When we started work on 1984, I wanted to show Ted that we could make a great record without any cover tunes and do it our way. Donn [Landee] and I proceeded to figure out how to build a recording studio. I did not initially set out to build a full-blown studio. I just wanted a better place to put my music together so I could show it to the guys. I never imagined that it would turn into what it did until we started building it.
You really were overflowing with creativity during the period between Diver Down and the middle of 1984. During that time you also recorded “Beat It” with Michael Jackson, the Star Fleet Project with Brian May, The Seduction of Gina and The Wild Life soundtracks, and you and Donn produced a single for Dweezil Zappa.
I had a lot of music lying around, because all I did was write. I remember, we were rehearsing for the Diver Down tour at Zoetrope Studios when Frank Zappa called me and asked if I would produce a single for his son Dweezil. I also did the Brian May Star Fleet Project then and the session with Michael Jackson. Val asked me to write some music for a TV movie she was doing. Until you mentioned it, I had forgotten that I had recorded the Wild Life soundtrack back then. Now I remember that Donn wasn’t very happy, because he had to mix it on his own. I had to leave to go on the tour that we were doing with AC/DC in Europe that summer.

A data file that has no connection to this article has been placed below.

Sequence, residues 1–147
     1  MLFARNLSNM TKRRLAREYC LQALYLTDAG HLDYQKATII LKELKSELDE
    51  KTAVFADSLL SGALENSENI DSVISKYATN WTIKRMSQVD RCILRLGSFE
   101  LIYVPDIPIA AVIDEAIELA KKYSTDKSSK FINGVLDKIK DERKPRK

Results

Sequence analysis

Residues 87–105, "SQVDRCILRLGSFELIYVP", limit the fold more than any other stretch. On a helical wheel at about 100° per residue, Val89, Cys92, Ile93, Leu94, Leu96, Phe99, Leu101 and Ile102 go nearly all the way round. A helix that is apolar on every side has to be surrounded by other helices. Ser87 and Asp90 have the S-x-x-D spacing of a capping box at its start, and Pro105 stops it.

Photo: Neil Zlozower/Atlas Icons
For the rest of this story, plus several vintage Van Halen photos and more — including Ozzy Osbourne & Zakk Wylde, the return of Jake E. Lee, Tosin Abasi, Steel Panther, Five Finger Death Punch and John Petrucci's monthly column — check out the February 2014 issue at the Guitar World Online Store.